Helvering v. Newport Co.
291 U.S. 485 (1934)

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U.S. Supreme Court

Helvering v. Newport Co., 291 U.S. 485 (1934)

Helvering v. Helvering v. Newport Co.

No. 515

Argued February 15, 16, 1934

Decided March 5, 1934

291 U.S. 485

Syllabus

1. Under § 280(1) of the Revenue Act of 1926, an income and excess profits tax which might lawfully have been assessed, under an earlier Act, against a transferor of all of his property, before the transfer, may be assessed against the transferee in the same manner and subject to the same provisions and limitations as in the case of a deficiency in a tax imposed by the 1926 Act. P. 291 U. S. 487.

2. Under § 278(c) of the Revenue Act of 1926, the time for assessment may be extended by waiver even though the period limited for assessment by § 277 had expired before the waiver was given. P. 291 U. S. 488.

3. Any doubt that § 1106(a) of the Revenue Act of 1926, in providing that the bar of the statute of limitations should not only operate to bar the remedy, but should extinguish the right, was not intended to make § 278(c) -- the waiver section -- inapplicable to assessments barred by limitations, was removed by § 612, Revenue Act of 1928, which repealed § 1106(a) retroactively as of the effective date of the 1926 Act. P. 291 U. S. 489.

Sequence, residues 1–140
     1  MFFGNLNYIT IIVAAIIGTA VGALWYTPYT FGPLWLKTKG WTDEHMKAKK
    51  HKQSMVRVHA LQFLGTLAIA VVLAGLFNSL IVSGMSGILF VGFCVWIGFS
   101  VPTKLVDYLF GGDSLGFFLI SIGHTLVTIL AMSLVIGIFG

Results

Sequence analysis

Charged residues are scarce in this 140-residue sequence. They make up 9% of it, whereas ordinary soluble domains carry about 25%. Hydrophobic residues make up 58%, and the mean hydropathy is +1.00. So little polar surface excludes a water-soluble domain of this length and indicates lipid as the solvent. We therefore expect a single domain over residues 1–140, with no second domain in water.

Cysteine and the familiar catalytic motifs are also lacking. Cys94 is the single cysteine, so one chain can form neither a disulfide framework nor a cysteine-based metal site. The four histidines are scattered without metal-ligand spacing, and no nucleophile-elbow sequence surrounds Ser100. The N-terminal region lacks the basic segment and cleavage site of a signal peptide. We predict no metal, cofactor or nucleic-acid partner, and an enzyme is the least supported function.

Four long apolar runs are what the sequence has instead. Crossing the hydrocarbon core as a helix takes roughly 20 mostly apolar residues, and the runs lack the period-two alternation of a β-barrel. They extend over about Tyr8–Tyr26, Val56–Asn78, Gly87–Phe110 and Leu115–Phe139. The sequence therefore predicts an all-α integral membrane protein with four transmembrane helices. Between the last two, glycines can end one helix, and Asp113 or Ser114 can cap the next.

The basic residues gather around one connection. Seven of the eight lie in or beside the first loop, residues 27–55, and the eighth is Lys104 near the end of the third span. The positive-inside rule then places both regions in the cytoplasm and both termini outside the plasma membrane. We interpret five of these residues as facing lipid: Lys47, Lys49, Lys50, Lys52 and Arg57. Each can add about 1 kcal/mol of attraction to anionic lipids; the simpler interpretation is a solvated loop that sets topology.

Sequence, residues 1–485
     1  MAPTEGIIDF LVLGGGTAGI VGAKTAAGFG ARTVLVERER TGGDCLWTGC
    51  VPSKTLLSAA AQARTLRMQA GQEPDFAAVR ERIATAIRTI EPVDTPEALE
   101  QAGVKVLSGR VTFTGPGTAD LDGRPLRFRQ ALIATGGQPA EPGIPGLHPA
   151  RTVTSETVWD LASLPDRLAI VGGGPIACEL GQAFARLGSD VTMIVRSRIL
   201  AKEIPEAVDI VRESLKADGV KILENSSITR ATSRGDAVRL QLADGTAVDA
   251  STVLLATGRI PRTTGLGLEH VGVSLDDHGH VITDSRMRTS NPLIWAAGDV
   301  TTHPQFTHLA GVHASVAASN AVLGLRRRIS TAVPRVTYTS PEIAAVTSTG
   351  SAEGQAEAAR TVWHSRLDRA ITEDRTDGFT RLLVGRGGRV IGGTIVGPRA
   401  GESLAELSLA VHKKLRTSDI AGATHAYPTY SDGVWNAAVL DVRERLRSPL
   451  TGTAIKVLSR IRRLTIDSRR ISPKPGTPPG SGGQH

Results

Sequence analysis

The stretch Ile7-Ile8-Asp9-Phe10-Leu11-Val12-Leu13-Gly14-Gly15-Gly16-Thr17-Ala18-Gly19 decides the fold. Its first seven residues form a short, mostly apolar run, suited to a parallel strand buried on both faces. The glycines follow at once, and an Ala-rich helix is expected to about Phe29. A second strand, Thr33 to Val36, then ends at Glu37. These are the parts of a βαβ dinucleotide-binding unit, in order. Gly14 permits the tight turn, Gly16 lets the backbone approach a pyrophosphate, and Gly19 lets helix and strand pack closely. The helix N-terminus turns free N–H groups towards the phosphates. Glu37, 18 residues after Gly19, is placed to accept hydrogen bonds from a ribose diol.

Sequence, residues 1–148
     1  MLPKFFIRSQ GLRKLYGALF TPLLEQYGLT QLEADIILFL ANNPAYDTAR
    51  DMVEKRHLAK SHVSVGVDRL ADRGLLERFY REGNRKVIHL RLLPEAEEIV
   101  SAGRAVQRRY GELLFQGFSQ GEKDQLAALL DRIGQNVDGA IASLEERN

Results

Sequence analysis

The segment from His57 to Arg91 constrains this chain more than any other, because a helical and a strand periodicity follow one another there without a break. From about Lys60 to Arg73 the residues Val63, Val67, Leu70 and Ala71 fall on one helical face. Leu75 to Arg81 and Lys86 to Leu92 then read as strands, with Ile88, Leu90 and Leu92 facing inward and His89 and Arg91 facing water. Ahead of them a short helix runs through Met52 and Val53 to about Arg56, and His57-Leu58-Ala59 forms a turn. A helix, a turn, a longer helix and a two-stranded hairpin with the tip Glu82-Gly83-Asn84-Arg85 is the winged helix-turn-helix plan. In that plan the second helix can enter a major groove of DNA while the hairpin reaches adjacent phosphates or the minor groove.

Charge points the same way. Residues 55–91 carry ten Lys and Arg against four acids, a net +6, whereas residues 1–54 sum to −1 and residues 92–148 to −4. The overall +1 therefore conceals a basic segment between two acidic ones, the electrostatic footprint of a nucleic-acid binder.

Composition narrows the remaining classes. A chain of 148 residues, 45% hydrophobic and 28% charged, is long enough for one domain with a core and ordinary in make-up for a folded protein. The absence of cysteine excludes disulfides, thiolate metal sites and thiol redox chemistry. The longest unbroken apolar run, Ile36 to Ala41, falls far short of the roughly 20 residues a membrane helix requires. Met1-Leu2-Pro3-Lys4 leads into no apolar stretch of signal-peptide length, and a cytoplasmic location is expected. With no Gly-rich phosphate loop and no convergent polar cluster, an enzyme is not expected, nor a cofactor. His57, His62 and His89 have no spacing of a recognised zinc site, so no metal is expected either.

4. Congress, with the consent of the taxpayer, has power to reestablish his tax liability and to authorize assessment of the tax, even though extinguished by the running of the statute of limitations, and Congress evidenced that purpose by repealing § 1106(a) as of its effective date, leaving unaffected § 278(c). P. 291 U. S. 491.

5. An assessment made after time but with consent of the taxpayer by waiver given under § 278(c) was validated by the subsequent act of Congress repealing § 1106(a) as of its effective date. Pp. 291 U. S. 488-490.

65 F.2d 925 reversed.

Certiorari, 290 U.S. 620, to review the affirmance of a decision of the Board of Tax Appeals, 22 B.T.A. 833, overruling a deficiency assessment of income and profits taxes.

Page 291 U. S. 486

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